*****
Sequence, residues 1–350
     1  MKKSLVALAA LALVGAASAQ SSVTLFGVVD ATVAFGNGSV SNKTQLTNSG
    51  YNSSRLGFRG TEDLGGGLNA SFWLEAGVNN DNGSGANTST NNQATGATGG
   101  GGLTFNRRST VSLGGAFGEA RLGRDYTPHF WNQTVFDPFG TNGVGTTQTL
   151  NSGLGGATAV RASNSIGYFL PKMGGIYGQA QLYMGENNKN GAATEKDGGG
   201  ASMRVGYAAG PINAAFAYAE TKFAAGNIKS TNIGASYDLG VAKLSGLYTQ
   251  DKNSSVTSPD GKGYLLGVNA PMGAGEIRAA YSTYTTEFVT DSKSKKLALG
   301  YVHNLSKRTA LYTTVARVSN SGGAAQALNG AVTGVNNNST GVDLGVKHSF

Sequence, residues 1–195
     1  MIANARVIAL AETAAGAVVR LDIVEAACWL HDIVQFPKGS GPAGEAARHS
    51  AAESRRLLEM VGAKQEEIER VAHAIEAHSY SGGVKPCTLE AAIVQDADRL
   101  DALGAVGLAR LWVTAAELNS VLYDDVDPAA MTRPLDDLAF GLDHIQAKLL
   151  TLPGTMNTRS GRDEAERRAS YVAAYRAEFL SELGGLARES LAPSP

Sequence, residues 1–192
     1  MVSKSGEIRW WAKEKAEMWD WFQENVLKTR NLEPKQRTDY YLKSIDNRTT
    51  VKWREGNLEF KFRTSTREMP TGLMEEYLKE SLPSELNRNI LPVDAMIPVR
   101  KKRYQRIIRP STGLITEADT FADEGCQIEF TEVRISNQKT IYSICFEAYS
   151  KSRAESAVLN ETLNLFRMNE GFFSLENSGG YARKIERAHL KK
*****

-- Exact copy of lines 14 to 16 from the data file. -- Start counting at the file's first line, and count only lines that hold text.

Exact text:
Sequence, residues 1–192
     1  MVSKSGEIRW WAKEKAEMWD WFQENVLKTR NLEPKQRTDY YLKSIDNRTT
    51  VKWREGNLEF KFRTSTREMP TGLMEEYLKE SLPSELNRNI LPVDAMIPVR